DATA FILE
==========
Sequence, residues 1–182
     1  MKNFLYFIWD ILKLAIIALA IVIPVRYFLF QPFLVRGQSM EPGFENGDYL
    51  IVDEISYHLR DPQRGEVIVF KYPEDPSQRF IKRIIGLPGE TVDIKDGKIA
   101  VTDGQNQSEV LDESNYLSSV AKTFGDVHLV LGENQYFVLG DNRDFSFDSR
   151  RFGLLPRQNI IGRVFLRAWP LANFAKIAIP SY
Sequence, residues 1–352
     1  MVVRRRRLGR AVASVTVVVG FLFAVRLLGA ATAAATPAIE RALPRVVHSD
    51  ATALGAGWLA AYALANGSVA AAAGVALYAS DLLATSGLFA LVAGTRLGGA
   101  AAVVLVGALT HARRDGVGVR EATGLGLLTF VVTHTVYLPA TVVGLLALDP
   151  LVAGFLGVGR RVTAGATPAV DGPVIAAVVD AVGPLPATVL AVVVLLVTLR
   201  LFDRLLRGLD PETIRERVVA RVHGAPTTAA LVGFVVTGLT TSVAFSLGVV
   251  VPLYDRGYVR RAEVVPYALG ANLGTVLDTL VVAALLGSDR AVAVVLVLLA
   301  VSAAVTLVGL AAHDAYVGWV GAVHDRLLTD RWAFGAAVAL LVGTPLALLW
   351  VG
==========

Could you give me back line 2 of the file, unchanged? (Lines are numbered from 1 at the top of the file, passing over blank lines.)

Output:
     1  MKNFLYFIWD ILKLAIIALA IVIPVRYFLF QPFLVRGQSM EPGFENGDYL